Saraland High School had just experienced one of the most disheartening losses in school history against bitter rival Spanish Fort.
Toros quarterback Tyler Johnston was nearly perfect in the surprisingly lopsided 41-18 road win between two of the best programs on the Gulf Coast. But the Toros’ on-field celebration was cut short when student Spencer Mitchell, president of the Spartans’ fan club, walked onto the field and got the attention of players, coaches and fans from both teams.
Mitchell had a presentation to make.
News had broken during that week five years ago that Jamie Milam, the 30-year-old wife of Spanish Fort athletic trainer Rob Milam, had been diagnosed with recurrent cervical cancer.
In an impromptu gesture of incredible compassion, Saraland students raised $800 on the day of the game to give to Milam to help during the difficult time.
There wasn’t a dry eye on the field as the money was presented to Milam. Sports once again served as the perfect backdrop for displaying all that’s good in all of us.
Fast forward five years, and it was the Toros’ turn to pay it forward.
Spanish Fort was scheduled to play Gulf Shores last week, but the game was canceled because of COVID-19 concerns within the Gulf Shores team. On short notice, Spanish Fort and Park Crossing (whose game with Russell County had also been canceled earlier in the week) decided to play each other.
Park Crossing elected to play despite the tragic loss of their starting quarterback, Keondre Hope, who died in an ATV accident three days earlier. Hope would have celebrated his 17th birthday later in the week.
Park Crossing coach L.C. Cole decided the best thing for his players during such an emotional time was to be around their football family.
Spanish Fort won the game, but that was secondary to the real story of the night.
The Spanish Fort community not only contributed financially to the Hope family, but they also replaced their Toro logo at midfield with Hope’s initials and number.
It was another reason to be proud of one of our communities using sports to make an impact much more important than teaching kids to block and tackle.
At the same time the Park Crossing players were seeing the midfield tribute for the first time, there was another tribute taking place just four miles away at Daphne High School. The Trojans were mourning the loss of Terrance Muse, who was only 18 when he died in a one-car accident earlier in the week.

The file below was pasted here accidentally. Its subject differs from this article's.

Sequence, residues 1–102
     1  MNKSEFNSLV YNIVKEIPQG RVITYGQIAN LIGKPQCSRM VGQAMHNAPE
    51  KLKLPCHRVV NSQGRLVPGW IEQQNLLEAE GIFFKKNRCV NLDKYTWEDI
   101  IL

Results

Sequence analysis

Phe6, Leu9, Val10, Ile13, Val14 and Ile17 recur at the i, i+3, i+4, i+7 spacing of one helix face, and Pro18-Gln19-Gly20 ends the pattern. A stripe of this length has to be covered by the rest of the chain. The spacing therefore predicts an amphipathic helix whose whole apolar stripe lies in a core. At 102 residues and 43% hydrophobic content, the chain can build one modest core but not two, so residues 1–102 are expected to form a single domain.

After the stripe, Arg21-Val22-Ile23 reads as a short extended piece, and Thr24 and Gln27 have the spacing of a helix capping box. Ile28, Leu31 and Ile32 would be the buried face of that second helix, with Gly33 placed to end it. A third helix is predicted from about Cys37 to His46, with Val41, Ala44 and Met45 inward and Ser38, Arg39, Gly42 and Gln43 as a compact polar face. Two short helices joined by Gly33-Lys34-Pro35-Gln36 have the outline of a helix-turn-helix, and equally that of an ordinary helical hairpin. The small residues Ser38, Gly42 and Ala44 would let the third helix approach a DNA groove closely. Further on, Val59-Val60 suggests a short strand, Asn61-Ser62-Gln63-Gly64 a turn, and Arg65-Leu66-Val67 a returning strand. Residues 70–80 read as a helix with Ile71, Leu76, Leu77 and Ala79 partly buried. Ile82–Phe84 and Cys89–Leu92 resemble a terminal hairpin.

Muse played defensive back for the Trojans last season. That meant he was around the program after the school began its tradition of allowing each starter a chance to introduce himself on the video board before kickoff.
In a gesture called “One Final Intro for Trojan Nation,” fans from Daphne and visiting Fairhope heard from Muse himself just one day before his funeral. Wearing his No. 29 jersey, Muse talked about what was special about being part of the Daphne program: “Well, just being part of a football program that I had grown up with. Being able to play with people I consider family — that’s a pretty big part of it all.”
Daphne principal John Comer shared a moving tribute to Muse on social media last week. In part, Comer wrote, “His life is part of our story. His life is part of our night sky — individuals shining and sharing their light, forming constellations of friendships across the skies of the Trojan Family. But unlike a star anchored in the galaxy, Terrance was a comet racing across the horizon. A light gone too soon. Terrance could enter a room, flash a smile and melt hearts. We hold tight to the moments we shared with Terrance and the lasting bonds he forged under the Trojan banner.”
With all that’s going on in the world today, there are legitimate questions being asked about the role of sports in our society. Should we even be playing games while so many continue to deal with the health and financial strains of a pandemic? Are we showing a lack of serious contemplation for the social injustice and accompanying civil unrest impacting our country today by playing games?
Reasonable people can have different answers to those questions.
But it’s misguided to frame the argument as serious, good people being appalled by the thought of continuing to enjoy sports as we’ve known them against shallow, bad people who just want athletes to shut up and dribble.
Even in tough times, sports will continue to be a reflection of the best of us as a society if we allow them to be.
Randy Kennedy, who has been a leading voice on the Gulf Coast sports scene for 18 years, writes a weekly column for Lagniappe. His sports talk show airs weekdays on the new Sports Talk 99.5 from 7-10 a.m.
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